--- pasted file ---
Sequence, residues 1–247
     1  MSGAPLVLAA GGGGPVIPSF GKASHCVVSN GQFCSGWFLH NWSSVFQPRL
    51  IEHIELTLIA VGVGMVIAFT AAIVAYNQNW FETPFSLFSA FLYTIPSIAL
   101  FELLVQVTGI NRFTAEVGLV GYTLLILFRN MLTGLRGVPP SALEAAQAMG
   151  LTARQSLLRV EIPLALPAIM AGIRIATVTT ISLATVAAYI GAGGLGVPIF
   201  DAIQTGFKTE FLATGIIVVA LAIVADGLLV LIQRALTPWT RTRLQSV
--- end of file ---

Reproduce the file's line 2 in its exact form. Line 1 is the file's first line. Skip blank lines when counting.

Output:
     1  MSGAPLVLAA GGGGPVIPSF GKASHCVVSN GQFCSGWFLH NWSSVFQPRL